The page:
• As used herein, terms and symbols of biochemistry, nucleic acid chemistry, molecular biology and molecular genetics follow those of standard treaties and texts in the field, for example, Sambrook et al, Molecular Cloning: A Laboratory Manual, 2nd Edition (Cold Spring Harbor Laboratory, 1989); Kornberg and Baker, DNA Replication, Second Edition (W. H. Freeman, New York, 1992); Gaits, ed., Oligonucleotide Synthesis: A Practical Approach (IRL Press, Oxford, 1984); Lehninger, Biochemistry, Second Edition (Worth Publishers, New York, 1975); Eckstein, ed., Oligonucleotides and Analogs: A Practical Approach (Oxford University Press, New York, 1991); and the like. Additionally, to facilitate understanding of the invention, a number of terms are defined herein.
  • The term, “sample” as used herein refers to any substance containing or presumed to contain a nucleic acid of interest, and thus includes a sample of nucleic acid, cells, organisms, tissue, fluids (e.g., spinal fluid or lymph fluids), and sample including but not limited to plasma, serum, urine, tears, stool, respiratory and genitourinary tracts, saliva, fragments of different organs, tissue, blood cells, samples of in vitro cell cultures, isolates natural from natural sources such as drinking water, microbial specimens, and objects or specimens that have been suspected to contain nucleic acid molecules.
  • The terms, “target nucleic acid” or “nucleic acid of interest” refers to a nucleic acid or a fragment of nucleic that is to be amplified and detected using one or more methods of the present invention. Two or more target nucleic acids can be, for example, fragments of the same nucleic acid molecule or of different nucleic acid molecules. As used herein, target nucleic acids are different if they do not match in nucleotide sequence by at least one nucleotide. In this aspect, aspects of the invention may be used to detect polymorphic variations wherein, for example, two nucleic acids of interest have a significant degree of identity in the sequence but differ by few nucleotides (e.g. insertions, deletions) or by a single nucleotide (SNP). The target nucleic acids of the present inventive aspects may be derived from any organism or other source, including but not limited to prokaryotes, eukaryotes, plants, animals, and viruses, as well as synthetic nucleic acids. The target nucleic acids may contain DNA, RNA, and/or variants or derivatives thereof. Target nucleic acids can be single-stranded or double-stranded, and when a nucleic acid of interest is, or presumed to be double-stranded, the term “target nucleic acid” refers to a specific sequence in either strand of the double-stranded nucleic acid. Therefore, a full complement to any single-stranded nucleic acid of interest is treated for particular embodiments herein as the same target nucleic acid. In certain embodiments, the “target nucleic acid” resides between two primer sequences used for amplification and detection. In particular aspects, the nucleic acid of interest is isolated and purified from a sample source before applying methods of the present invention. Preferably, the target nucleic acids are sufficiently free of proteins and/or any other substances that interfere with the inventive amplification and detection reactions. Many art recognized methods are available for the isolation and purification of target nucleic acids, including commercial kits and specialty instruments. For example, nucleic acids can be isolated using organic extraction with a phenol/chloroform organic reagent followed by ethanol precipitation (Ausubel et al., eds., Current Protocols in Molecular Biology Vol. 1, Chapter 2, Section I, John Wiley & Sons, New York (1993). Solid phase adsorption method (Walsh et al. (1991) Biotechniques, 10:506-513, Boom et al., U.S. Pat. No. 5,234,809) and salt-induced DNA precipitation (Miller et al (1988) Nucleic Acids Res., 16:1215) are yet other known approaches to purify nucleic acids. Typically, amounts of nucleic acids of interest present in samples are limited, and the target nucleic acid needs, therefore, to be amplified using a suitable amplification procedure to facilitate detection using the inventive methods.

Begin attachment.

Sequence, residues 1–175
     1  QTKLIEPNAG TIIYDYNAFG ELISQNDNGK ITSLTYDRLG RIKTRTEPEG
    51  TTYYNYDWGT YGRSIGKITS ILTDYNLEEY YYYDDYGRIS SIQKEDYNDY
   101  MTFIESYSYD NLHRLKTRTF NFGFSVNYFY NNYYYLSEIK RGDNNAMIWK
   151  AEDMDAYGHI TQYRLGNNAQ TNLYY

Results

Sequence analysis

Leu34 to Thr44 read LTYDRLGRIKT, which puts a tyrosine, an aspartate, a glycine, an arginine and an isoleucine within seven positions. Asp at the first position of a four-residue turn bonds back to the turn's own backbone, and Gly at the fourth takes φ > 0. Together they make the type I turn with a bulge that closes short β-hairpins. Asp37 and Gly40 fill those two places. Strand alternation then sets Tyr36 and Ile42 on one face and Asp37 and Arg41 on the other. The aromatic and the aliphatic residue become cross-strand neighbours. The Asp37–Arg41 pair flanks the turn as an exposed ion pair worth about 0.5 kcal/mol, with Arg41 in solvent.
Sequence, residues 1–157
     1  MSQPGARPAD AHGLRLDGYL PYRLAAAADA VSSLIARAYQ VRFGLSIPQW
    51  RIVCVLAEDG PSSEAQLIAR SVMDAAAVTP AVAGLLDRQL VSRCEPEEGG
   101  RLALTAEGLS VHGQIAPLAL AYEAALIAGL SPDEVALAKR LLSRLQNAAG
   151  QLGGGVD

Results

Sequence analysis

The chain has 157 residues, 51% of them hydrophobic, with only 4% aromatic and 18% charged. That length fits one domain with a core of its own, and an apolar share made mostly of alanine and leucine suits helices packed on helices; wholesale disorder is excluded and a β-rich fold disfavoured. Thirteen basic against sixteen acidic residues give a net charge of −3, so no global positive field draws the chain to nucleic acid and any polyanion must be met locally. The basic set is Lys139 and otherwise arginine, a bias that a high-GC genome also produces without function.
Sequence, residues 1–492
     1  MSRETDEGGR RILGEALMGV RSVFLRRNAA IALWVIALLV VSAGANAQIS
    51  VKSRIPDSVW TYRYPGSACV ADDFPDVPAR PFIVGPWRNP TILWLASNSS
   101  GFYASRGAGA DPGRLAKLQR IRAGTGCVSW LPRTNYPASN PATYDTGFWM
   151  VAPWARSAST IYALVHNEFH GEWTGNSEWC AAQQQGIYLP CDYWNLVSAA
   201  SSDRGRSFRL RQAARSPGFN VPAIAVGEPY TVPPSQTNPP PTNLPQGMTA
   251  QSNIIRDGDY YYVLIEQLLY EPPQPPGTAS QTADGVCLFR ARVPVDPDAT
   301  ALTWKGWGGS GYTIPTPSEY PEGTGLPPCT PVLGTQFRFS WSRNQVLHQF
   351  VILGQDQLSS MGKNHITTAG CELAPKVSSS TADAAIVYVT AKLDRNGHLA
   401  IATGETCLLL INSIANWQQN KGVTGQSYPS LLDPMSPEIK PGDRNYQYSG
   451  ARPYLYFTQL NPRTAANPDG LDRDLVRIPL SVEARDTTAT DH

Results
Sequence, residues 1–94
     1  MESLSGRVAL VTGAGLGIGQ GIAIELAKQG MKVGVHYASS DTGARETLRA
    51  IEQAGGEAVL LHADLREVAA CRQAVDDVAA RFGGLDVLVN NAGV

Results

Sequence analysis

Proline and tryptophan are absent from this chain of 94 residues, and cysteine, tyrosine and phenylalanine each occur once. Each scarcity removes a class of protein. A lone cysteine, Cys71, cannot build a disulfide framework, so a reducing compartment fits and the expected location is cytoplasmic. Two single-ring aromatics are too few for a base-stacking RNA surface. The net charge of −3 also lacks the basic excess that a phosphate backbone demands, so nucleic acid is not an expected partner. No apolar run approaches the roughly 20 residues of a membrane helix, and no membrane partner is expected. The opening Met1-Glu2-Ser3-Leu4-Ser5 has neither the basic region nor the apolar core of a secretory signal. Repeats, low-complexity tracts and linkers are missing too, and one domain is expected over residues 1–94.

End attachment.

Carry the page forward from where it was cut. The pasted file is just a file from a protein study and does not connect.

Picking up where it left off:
• The terms “amplification” and “amplifying” a target nucleic acid as used herein refers to a procedure wherein multiple copies of the nucleic acid of interest are generated, for example, in the form of DNA copies. Many methods and protocols are known in the art to amplify target nucleic acids.
  • The term “Amplicon” refers to a product or products of a polynucleotide amplification reaction, and may refer to a population of polynucleotides, single or double-stranded, that are replicated from one or more nucleic acids of interest. Amplicons may be produced by a variety of amplification reactions whose products are multiple replicates comprising one or more target nucleic acids.
  • Amplification can be “isothermal,” as used herein wherein the temperature of the amplification reaction does not significantly change or fluctuate. Examples of these techniques include, but are not limited to: strand displacement amplification (SDA) (Walker G. T. et al, U.S. Pat. No. 5,270,184; Dattagupta N. et al, U.S. Pat. No. 6,214,587; Walker G. T. et al (1996) Nucleic Acids Res., 24, 384-353); rolling circle amplification (RCA) (Lizardi P., U.S. Pat. No. 5,854,033); linear target isothermal multimerization and amplification (LIMA) (Hafner G. J. et al (2001) BioTechniques, 30:852-867); loop-mediated amplification (LMA) (Notomi T. and Hase T., U.S. Pat. No. 6,410,278; Notomi T. et al (2000) Nucleic Acids Res., 28, e63); isothermal amplification using chimeric or composite RNA/DNA primers (Cleuziat P. and Mandrand B., U.S. Pat. No. 5,824,517; Kurn N. (2001) U.S. Pat. No. 6,251,639); and other methods. Amplification technologies may include synthesis and amplification of RNA molecules along with amplification of DNA sequences, for example, Nucleic Acid Sequence-Based Amplification (NASBA) (Oehlenschlager F. et al (1996) Proc. Natl. Acad. Sci. USA, 93: 12811-12816; Davey C. and Malek L. T., U.S. Pat. No. 6,063,603). It will be appreciated that art-recognized amplification technologies vary in aspects of the design, complexity, efficiency, specificity, accuracy and other parameters relevant and important in nucleic acids detection. For example, amplification may be linear or exponential as a function of time (and/or cycles in PCR).